Opinion: How do we stop big companies exploiting licensing deregulation?


Fareed Balcoch, Chief Operating Officer

After changes to the law through the Deregulation Act 2015, drivers with a private-hire licence from a local authority can use it to operate anywhere in England and Wales. Previously, the law required drivers to return to the area in which they were licensed between jobs.

Uber has been accused of exploiting this provision to allow its drivers to operate in UK towns and cities where they don’t have a licence, leaving local authorities powerless to regulate them.

Reading council denied Uber a licence to operate in 2016 because the company had failed to meet its licensing conditions – specifically a requirement to have a manned office with a phone line. However during the summer’s Reading festival an average of 1,000 passengers a day took a trip using Uber app. It is assumed the drivers travelled in from nearby Slough Borough Council and Windsor and Maidenhead Borough Council.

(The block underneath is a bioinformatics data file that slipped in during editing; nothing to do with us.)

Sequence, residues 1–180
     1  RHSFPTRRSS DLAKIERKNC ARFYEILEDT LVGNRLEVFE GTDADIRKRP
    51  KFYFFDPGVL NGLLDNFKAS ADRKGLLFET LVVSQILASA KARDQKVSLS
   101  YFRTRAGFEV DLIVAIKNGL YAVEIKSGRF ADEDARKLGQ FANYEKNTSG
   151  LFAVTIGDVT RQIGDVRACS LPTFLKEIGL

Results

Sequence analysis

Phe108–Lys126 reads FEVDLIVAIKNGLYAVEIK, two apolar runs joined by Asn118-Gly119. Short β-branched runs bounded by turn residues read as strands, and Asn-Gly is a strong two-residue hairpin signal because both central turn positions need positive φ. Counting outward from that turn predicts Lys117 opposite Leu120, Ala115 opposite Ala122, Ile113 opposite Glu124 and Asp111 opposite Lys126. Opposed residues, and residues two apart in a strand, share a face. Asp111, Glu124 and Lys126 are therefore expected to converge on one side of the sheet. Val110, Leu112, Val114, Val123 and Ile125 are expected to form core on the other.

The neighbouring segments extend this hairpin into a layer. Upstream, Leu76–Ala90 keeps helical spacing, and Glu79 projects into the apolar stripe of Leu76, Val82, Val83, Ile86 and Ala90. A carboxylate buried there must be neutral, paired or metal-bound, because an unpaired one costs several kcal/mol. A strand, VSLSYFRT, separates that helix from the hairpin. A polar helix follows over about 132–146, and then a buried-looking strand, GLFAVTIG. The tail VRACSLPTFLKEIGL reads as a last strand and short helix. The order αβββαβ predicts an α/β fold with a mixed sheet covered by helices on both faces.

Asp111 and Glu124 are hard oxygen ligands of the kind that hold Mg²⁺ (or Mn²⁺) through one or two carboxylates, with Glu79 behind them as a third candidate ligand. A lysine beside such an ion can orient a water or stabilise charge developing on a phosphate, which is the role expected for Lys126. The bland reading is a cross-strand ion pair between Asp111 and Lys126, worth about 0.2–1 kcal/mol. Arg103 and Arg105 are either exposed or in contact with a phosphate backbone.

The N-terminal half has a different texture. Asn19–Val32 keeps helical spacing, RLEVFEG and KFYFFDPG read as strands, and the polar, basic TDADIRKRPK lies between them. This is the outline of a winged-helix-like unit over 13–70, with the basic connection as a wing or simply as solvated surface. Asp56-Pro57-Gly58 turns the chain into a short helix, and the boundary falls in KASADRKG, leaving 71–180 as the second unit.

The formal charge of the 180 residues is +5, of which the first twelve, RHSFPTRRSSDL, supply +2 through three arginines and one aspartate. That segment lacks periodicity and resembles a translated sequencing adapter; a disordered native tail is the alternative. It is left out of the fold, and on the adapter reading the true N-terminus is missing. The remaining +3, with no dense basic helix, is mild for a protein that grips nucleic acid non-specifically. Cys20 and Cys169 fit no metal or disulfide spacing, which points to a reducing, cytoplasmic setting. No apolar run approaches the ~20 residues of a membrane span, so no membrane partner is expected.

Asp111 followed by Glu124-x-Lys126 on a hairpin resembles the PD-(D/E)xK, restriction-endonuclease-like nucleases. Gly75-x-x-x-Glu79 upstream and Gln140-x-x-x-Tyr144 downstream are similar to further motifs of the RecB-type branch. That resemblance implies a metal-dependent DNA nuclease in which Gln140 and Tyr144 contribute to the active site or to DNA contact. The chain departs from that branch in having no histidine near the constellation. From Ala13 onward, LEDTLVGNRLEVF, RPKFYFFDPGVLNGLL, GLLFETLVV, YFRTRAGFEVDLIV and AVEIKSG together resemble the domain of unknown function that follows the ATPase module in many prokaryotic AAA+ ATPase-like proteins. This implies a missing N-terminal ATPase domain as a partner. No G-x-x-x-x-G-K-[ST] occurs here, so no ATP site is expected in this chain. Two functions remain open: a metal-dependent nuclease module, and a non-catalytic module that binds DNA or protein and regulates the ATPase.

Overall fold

The legislative loophole had left the local authority helpless to assert their authority. I believe we need a national authority, along the lines of DVSA, to take responsibility for taxi and private hire regulation across the UK. This central authority should be able to enforce standardised rules nationwide. The aim should be to better inform the drivers and service providers where they stand on a number of regulatory issues. For example vehicle criteria, whether non PH licensed drivers allowed to drive licensed vehicles such as spouses, regulatory of MOTs, licence costs, CRB/DBS checks and insurance requirements.

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